FFA- It’s time to step in.

Here we go again. The financial crisis that has engulfed Brisbane Roar over the past 18 months has again got to crisis point with Managing Director Daniel Cobb quitting the role. In a dramatic evening Cobb also confirmed a final bid to buy the licence from the Bakrie Group while also further isolating himself with the Indonesian ownership group by refusing to deny the Roar are trading insolvent.

This past 24 hours has been particularly dramatic with Cobb calling out the clubs ownership over a lack of funds, which he says lead to the late payment of the monthly payroll.

In the midst of all that the FFA and Cobb had a meeting in Sydney, swapped public statements before Cobb also announced he would make a final offer to buy the Roar licence from the Bakries even after quitting his Directors role.

Throughout this entire 18 month saga there has been plenty of anger from Roar supporters aimed at the clubs ownership group, former Directors and Chairman in addition to current MD Daniel Cobb in recent times.

One group which wasn’t included above, but has arguably the most to answer for is the FFA, whom the majority of this will be aimed at.

Over the past 18 months FFA have had multiple opportunities to step in and force change within the clubs ownership structure, and at each opportunity they’ve failed to do so. I’ll save the full recap of the this saga for when it eventually comes to an end, but here’s the key flash points.

The first opportunity to act was back in September 2015 when an ultimatum was issued following a third straight month of late payments to players.

Despite not meeting the deadline set –they were paid in the ensuring days-, the FFA chose not to step in and take control of the licence despite having the power to do so under the competitions rules.

The continued late payment to players in part cost the club the services of arguable its best home-grown talent -Luke Brattan- who used the situation to secured  a move to Manchester City.

That lead to a rather tense fan forum in the weeks leading up to the new season where former A-League boss Damien de Bohun blamed the fortunes of the Roar –and Newcastle Jets- on mistakes both made in 2012. But here we are, four years later and Newcastle are only just recovering from their issues, while Brisbane are yet to be rescued from the structure which created their problems.

On the night De Bohun explained that mechanisms were in place to prevent these issues from occurring, but those mechanisms obviously haven’t worked here in Brisbane. The question of due process when considering the Bakrie Groups ownership application should also come into question.

Fast-forward to May of this year and after a successful season –all things considered- on the park, things again appeared to be heading south with the departure of the clubs Indonesian directors and CEO David Pourre.

The FFA issued a second ultimatum in early May demanding leadership restored to the club, which was the precursor to the announcement of Daniel Cobb as MD and the leader of a consortium which would purchase the licence from the Bakrie Group.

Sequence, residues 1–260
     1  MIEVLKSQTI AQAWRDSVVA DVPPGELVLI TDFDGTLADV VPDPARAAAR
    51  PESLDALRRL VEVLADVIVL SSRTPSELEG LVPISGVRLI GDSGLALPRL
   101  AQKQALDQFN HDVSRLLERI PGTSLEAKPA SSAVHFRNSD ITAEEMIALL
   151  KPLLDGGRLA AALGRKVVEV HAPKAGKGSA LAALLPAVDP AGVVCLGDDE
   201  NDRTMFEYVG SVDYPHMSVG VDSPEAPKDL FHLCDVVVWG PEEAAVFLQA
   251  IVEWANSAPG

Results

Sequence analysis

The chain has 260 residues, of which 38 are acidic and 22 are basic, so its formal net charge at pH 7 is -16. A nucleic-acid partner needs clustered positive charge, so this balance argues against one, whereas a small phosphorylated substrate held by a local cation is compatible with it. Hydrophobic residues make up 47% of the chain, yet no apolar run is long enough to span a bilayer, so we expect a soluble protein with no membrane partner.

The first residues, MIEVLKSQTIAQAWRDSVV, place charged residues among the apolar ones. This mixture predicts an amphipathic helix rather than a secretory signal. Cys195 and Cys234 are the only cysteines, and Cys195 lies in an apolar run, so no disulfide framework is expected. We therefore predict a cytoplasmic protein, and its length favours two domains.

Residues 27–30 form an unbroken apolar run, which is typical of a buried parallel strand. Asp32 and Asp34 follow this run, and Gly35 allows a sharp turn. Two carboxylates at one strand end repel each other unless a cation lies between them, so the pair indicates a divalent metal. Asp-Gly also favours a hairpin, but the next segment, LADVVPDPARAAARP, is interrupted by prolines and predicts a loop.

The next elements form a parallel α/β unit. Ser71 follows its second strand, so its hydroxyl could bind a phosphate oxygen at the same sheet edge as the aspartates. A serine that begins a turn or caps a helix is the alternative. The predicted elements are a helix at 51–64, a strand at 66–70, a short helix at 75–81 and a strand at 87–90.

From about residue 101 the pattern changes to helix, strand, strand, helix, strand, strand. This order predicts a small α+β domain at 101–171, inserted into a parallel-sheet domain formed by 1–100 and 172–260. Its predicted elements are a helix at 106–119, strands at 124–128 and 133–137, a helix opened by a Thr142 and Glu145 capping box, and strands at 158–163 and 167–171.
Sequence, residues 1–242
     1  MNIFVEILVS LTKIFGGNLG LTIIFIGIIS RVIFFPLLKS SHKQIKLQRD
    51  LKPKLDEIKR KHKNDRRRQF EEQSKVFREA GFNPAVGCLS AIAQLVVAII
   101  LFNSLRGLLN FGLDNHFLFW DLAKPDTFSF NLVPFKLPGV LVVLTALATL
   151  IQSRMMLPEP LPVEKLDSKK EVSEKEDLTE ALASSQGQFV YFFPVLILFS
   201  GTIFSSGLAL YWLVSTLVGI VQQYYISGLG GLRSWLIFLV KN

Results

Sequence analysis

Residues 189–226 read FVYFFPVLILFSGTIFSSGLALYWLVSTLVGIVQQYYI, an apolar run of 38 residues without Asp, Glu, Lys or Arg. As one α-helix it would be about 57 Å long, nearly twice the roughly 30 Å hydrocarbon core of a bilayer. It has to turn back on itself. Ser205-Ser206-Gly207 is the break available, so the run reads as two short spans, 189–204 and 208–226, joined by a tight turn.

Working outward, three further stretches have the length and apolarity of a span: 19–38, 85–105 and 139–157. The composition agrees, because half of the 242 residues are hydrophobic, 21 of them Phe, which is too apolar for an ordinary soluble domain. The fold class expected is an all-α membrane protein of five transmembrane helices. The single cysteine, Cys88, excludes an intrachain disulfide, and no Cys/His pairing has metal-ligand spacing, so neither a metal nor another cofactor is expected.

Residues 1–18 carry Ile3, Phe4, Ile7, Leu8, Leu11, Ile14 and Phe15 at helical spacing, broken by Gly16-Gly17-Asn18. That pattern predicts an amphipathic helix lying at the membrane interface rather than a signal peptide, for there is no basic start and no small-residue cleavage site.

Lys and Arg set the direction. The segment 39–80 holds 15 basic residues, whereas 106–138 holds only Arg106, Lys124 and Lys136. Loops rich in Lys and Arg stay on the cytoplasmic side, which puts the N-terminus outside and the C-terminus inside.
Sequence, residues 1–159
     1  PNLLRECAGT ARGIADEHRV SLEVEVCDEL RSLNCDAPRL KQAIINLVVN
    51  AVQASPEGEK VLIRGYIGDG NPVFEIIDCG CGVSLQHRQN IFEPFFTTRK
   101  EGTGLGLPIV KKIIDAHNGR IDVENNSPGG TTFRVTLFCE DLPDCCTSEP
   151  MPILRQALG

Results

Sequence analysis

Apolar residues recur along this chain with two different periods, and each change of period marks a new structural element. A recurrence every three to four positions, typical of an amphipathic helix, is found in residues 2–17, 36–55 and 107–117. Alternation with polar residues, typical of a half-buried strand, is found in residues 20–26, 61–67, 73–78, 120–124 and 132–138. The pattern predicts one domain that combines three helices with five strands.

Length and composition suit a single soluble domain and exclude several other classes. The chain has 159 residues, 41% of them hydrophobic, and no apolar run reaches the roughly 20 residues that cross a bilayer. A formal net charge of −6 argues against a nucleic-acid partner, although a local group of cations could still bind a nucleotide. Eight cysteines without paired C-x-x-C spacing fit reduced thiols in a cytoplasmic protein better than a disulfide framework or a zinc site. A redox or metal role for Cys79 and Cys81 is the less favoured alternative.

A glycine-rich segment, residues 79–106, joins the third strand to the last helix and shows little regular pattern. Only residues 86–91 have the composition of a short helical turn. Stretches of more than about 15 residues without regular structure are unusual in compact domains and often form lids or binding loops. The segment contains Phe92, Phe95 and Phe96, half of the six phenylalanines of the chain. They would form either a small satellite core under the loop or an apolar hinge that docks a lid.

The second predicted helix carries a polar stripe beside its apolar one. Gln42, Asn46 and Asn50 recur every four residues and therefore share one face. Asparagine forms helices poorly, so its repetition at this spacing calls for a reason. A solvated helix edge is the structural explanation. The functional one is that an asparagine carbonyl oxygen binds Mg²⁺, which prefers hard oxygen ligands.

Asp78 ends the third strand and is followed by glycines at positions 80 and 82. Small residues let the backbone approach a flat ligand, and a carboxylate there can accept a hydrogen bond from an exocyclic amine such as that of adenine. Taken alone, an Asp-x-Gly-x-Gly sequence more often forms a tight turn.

Cobb’s brief stint with the Roar can best be described as problematic, with his frequent international trips doing little to add the leadership or stability it was said he would bring when appointed.

That lack of direction meant the club was unable to make all the recruitment decisions necessary on the football side, while off the field the club have only just launched their membership campaign some six weeks after the rest of the competition.

That brings us to the events of the past 24 hours including ultimatum number 3, and at this point its abundantly clear that neither the Daniel Cobb, nor the Bakrie Group are the right people to be in charge of this football club.

Throughout this saga we’ve seen late pay and superannuation for players and staff alike, a lengthy list of creditors and a general lack of leadership from the clubs owners, yet despite all of those things FFA has refused to take an active role in sorting the clubs issues out.

I should point out all of this isn’t to absolve the clubs owners, Daniel Cobb or anyone else whose been involved in this saga from blame, but it’s the FFA who could, and should have brought this to an end long before now.

From where this club was in May 2014 when it was celebrating its third Championship in four years to where it is now is a collective failure for all involved.

When you factor in that the Socceroos haven’t been to Brisbane for nearly two years, and it’s over 4 years since a World Cup Qualifier has been held in this city with no game likely for at least another six months.

When factoring all that in, it’s not a stretch to say that football in Brisbane–professionally at least- is in the worst shape it’s been in since the launch of the A-League some 12 years ago.

Whichever way you look at it the FFA have flagrantly let this marketplace down in the last two years, so here’s my final message to those running the game in this country.

FFA, we all know that you just helped the nation’s richest club secure a Socceroos legend. You can keep celebrating that, or you can do something to fix the situation here in Brisbane and make sure he has a meaningful competition to play in. Because as it stands you will have a shadow of a team representing the competitions third biggest market, with fewer spectators, assuming they get on the field at all.

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